Whenever seeing the No. 19 my thoughts, like it does for many locals, turn to Tony Gwynn.
With the arrival of 2019, we’re tipping our hat to the late Gwynn. Despite the passage of time it’s amazing how much we miss the Padres icon’s smile and, maybe now more than ever, his optimism.
With the constantly upbeat Gwynn on the mind and his retired number being front-and-center for a year, we’re going happy. Ride along and let’s see if we can flip some flops.
Few things rated higher on Gwynn’s list than his beloved Padres. So is this the year an organization which has presented eight consecutive losing seasons turns the corner?
To put that string of dropping more games than winning in perspective consider this: When San Diego was awarded a Major League franchise for the 1969 season, the Padres, predictably, were terrible. That’s why it’s not too surprising that the Padres churned out nine consecutive years of dreadful baseball as they struggled to find their footing as a big league squad.
On the eve of a milestone season, will the Padres toast their 50th year anniversary by presenting a product which pleases their patient, and dedicated, fans?
The offseason hasn’t been spot-on as some Padres boosters had envisioned. The Padres, and general manager A.J. Preller, have been linked to numerous big names. But so far Preller, who lives near Encinitas’ Moonlight Beach, has failed to acquire any stars.
Opening day is still about a month away but, to date, it’s been too quiet on the Padres’ front. They’ve acquired a veteran infielder in Ian Kinsler and a veteran pitcher in Garrett Richards.
But Kinsler is on the back-nine of his career and Richards is on the back-burner this season after undergoing elbow surgery.
The Padres have a gaping hole at shortstop, while wondering if prized prospect Fernando Tatis Jr. is ready for his close-up. He’s among the key pieces, along with second baseman Luis Urias, that will form the foundation of the Padres’ future. But Tatis’ arrival is slated more for mid-summer than late March for the opener.
So what about the present? In addition to having no one penciled in at shortstop, the hot corner shows lukewarm options. Wil Myers gave third base a try last season and everyone saw what that brought. He’s been shipped back into the outfield, where it’s crowded with players that resemble each other.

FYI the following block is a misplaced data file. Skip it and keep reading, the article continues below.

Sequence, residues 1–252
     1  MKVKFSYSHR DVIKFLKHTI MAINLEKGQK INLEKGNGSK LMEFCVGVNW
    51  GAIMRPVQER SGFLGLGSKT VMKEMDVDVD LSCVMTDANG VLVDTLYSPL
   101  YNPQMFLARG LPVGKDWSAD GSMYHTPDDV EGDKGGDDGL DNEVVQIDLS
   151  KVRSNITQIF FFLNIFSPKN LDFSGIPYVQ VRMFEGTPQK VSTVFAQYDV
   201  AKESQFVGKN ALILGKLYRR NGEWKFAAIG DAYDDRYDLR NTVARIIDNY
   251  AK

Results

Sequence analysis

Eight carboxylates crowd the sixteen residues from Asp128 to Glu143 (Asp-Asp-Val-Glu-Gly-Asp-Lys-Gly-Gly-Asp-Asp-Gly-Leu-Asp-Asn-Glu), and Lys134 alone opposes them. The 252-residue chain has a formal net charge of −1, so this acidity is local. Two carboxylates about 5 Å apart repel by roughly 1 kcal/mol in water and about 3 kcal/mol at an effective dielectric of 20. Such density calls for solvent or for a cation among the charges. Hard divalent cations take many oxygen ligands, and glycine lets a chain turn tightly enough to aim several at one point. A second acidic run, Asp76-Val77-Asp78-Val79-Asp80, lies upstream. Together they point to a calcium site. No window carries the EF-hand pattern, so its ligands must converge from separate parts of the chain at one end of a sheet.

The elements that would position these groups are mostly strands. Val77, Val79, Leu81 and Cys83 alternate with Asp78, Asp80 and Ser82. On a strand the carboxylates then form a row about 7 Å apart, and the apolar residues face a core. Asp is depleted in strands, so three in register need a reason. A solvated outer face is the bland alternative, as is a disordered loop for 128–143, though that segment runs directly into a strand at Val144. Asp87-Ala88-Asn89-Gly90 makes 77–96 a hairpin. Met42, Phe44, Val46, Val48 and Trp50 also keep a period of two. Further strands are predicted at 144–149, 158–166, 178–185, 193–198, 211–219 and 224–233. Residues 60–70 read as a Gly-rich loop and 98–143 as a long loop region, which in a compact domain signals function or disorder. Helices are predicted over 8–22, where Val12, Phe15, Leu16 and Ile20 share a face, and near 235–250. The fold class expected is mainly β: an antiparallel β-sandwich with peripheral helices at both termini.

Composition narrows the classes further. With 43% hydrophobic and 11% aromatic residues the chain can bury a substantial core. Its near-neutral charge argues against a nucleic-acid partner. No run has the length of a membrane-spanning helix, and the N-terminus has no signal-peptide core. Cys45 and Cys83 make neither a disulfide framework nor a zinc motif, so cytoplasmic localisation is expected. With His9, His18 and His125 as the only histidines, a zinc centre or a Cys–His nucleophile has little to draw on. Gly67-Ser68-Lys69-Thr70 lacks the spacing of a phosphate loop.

There’s a need to thin out the bunch which includes Hunter Renfroe, Manuel Margot, Travis Jankowski, Franmil Reyes and Franchy Cordero.
Renfroe, to me, is a keeper. But if looking to move Myers and Reyes, the former is coming off a mediocre season and the latter is rebounding from offseason knee surgery.
Still there’s depth here which, hopefully, could produce a starting pitcher to plug into the leaky rotation.
The Padres were in on some interesting names like Sonny Gray, Noah Syndergaard and Nate Evoldi. But rumors are just that and none are seemingly headed for America’s Finest City.
If Preller doesn’t add to the staff, the starters could include Joey Luchessi, Eric Lauer and two more kids in Chris Paddack and Logan Allen.
So many questions to be answered and there remains time to tighten bolster the roster. Gwynn, of course, would say there’s plenty talent here for a team that continues to point to 2020 as the year it flourishes.
That vision might be tough to keep in focus in 2019. But when seeing the digit 19, we are reminded to maintain the faith.
Happy New Year!
Sportswriter Jay Paris has written his “Sports Talk” column since joining the Coast News in 2013.
Paris, a Cardiff resident, is a longtime Southern California writer, getting his start with the Orange County Register before coming to San Diego in 1992 to cover the Chargers.
He had the Chargers beat for more than two decades with Oceanside Blade-Citizen, the North County Times and the San Diego Union-Tribune, before being named a sports columnist with the San Diego Union-Tribune.
Paris has won numerous awards voted on by his peers in the Pro Football Writers of America. He has also been a staple on countless media platforms, everything from the KPBS to MLB Network and various radio outlets.
Paris is also the author of three books, with his latest one being, “Shohei Ohtani: The Amazing Story Of Baseball’s Two-Way Japanese Superstar.” He has also written “Game Of My Life Chargers” and “Game Of My Life Rams.”
He currently covers the NFL in Los Angeles for Forbes. com and is a contributor to USA Today Sports Weekly. Follow Jay on Twitter @jparis_sports